In 1997, Cuauhtémoc Cárdenas won the governorship of Mexico City for the PRD, and three years later Fox was elected president. Between them these developments seemed to herald a kind of belated political transition. Most of Latin America had shaken off its military dictatorships over the course of the 1980s, culminating in Pinochet’s exit in Chile in 1990. The PRI’s “perfect dictatorship” had been shaken in 1988, but the party had held on; after losing the capital in 1997, was it now finally going to relinquish its hold on power at the national level? Even in formal terms, the idea of a wholesale political shift soon proved to be a wishful exaggeration: though it had lost the presidency, the PRI still retained a strong parliamentary and senate representation, as well as a slew of state governorships—not to mention its extensive patronage networks among the business elite, in labor and peasant confederations, and in the countryside. This was not like the post-Communist transitions in Eastern Europe, where single-party monoliths had shattered after 1989. In terms of policy substance, the PAN’s rule in any case turned out not to be all that different from the PRI’s neoliberal incarnation of the 1990s. Across the board, what emerged was largely a kind of continuity dressed as change (with the notable exception of an official embrace of the Catholic Church that would have been unthinkable under the secular PRI). Mexico seemed to have shifted from single-party rule to a pattern more like that of wealthy capitalist states, in which power alternates safely between two rival wings of the same neoliberal consensus.
Over the past decade and a half, however, Mexico has been ravaged and reshaped by the escalating “war on drugs.” After squeaking into the presidency in 2006, Calderón immediately announced a massive militarization of government policy, launching an armed conflict that took most of its casualties not from the ranks of the cartels but from among the civilian population. Over the six years of Calderón’s presidency, at least one hundred thousand were killed. The PAN’s handling of the drug war, and its mismanagement in many other areas of government, prompted a growing resentment of the party and the president, and in some cases a deluded nostalgia for the PRI—embodied in the slogan que se vayan los pendejos y que regresen los corruptos: out with the assholes, in with the crooks.
This combination of a negative consensus against the PAN and a cynical belief that the PRI would at least be competent crooks was enough to lift Peña Nieto to the presidency in 2012. The party still dominated the Chamber and Senate, and held a solid bloc of state governorships as well as mayoralties and regional legislatures; with its return to the presidency, the ancien régime had seemingly been restored. Outwardly, though, the PRI appeared to have learned a thing or two, adapting to the changing times by selecting a telegenic candidate, too young to be associated with the old, pre-2000 version of the PRI. Peña Nieto’s sexenio began with a burst of energy, his promises of rapid economic growth at home accompanied abroad by boosterish op-eds from Thomas Friedman and, in February 2014, a laudatory Time magazine cover: the president was apparently “Saving Mexico.”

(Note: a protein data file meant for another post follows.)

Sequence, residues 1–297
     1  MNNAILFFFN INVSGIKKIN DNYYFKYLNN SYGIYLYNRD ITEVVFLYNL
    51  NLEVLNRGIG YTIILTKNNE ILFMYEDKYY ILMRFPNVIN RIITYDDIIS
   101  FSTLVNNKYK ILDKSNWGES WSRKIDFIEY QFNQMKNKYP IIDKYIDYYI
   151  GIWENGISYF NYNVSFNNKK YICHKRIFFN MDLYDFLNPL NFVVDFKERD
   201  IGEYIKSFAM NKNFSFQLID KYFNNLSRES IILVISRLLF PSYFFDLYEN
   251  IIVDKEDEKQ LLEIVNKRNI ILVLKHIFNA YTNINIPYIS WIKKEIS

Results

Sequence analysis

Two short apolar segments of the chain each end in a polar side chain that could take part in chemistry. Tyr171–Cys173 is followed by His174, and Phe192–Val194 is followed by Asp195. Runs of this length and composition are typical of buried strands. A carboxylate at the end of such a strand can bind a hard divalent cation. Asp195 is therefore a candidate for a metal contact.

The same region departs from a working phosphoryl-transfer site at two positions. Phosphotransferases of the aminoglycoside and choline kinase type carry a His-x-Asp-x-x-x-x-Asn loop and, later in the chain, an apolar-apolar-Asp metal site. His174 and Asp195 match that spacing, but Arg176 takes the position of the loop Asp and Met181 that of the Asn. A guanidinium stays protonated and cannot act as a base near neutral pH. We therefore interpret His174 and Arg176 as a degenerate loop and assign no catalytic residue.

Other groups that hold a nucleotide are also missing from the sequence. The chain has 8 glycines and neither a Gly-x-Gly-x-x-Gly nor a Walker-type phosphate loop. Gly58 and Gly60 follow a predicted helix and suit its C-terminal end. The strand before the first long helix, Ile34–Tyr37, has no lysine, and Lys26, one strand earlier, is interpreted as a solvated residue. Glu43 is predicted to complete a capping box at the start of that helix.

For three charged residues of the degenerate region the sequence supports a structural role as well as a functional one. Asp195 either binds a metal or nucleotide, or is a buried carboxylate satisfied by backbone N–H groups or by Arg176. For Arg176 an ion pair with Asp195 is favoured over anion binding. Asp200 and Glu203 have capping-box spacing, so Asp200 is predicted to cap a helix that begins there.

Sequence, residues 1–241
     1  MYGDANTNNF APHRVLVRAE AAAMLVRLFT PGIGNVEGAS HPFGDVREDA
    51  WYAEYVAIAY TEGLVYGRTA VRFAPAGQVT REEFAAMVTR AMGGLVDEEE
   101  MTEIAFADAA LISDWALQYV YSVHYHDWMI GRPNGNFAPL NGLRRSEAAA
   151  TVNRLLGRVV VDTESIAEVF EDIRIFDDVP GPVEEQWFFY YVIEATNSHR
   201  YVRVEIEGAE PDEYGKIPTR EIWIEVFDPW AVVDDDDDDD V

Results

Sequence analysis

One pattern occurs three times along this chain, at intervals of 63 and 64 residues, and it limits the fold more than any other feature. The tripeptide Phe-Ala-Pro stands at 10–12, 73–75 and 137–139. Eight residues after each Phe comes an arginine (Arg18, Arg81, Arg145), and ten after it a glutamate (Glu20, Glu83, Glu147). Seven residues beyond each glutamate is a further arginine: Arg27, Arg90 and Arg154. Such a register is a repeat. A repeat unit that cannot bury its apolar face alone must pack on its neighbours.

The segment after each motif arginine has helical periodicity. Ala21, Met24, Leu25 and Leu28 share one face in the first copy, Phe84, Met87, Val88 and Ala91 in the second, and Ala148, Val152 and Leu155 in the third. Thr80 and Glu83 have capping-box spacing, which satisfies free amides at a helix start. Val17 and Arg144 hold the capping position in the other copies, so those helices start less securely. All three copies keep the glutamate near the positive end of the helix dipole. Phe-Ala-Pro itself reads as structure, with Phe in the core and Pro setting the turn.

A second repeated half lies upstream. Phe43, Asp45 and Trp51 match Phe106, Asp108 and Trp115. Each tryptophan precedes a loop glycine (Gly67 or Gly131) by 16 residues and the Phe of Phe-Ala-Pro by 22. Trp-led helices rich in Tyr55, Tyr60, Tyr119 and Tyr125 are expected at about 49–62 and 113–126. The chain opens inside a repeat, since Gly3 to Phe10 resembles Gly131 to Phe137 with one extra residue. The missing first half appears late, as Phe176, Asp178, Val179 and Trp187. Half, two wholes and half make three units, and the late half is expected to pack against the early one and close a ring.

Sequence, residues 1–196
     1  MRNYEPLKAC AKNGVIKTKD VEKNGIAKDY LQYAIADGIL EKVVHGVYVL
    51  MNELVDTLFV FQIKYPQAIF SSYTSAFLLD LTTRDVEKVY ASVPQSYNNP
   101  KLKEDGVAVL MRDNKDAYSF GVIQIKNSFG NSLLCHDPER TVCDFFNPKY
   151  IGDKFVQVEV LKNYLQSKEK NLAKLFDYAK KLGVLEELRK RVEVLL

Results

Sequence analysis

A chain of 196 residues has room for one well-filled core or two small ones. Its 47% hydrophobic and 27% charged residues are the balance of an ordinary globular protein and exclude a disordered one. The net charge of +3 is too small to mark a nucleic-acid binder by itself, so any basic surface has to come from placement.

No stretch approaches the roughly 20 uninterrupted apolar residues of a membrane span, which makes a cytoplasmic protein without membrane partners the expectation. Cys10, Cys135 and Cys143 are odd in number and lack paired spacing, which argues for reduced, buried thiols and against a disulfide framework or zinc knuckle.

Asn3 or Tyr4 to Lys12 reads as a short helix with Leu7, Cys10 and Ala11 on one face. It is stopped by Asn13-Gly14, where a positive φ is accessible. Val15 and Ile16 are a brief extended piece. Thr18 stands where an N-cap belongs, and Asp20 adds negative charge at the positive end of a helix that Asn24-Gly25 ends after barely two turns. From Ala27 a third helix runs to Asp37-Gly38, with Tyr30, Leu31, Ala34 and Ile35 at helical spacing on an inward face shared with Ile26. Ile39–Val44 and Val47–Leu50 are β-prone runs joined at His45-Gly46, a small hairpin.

The country itself was less enthusiastic. Instances of corruption multiplied, from the luxury mansion built for the president’s family by a well-connected construction firm, to a string of PRI governors accused of embezzling public funds. More destructive still was Peña Nieto’s failure to halt the slaughter taking place under the rubric of the war on drugs: during his presidency, the casualty rate even increased relative to Calderón’s time in office, each year more deadly than the last. All told, since 2006, as many as thirty-five thousand people have now vanished without trace, a figure comparable to the disappearances that took place in Argentina or Chile under military rule. Among the disappeared are the forty-three students from Ayotzinapa, whose abduction in the fall of 2014 sent Peña Nieto’s approval ratings into free fall. Not only did the government fail to locate the students, it organized a clumsy cover-up to protect the perpetrators, as well as actively undermining efforts to establish what happened. The incident revealed to the world what many Mexicans already knew: the drug business had so totally penetrated the political system that there was now little to distinguish the narcos from the government.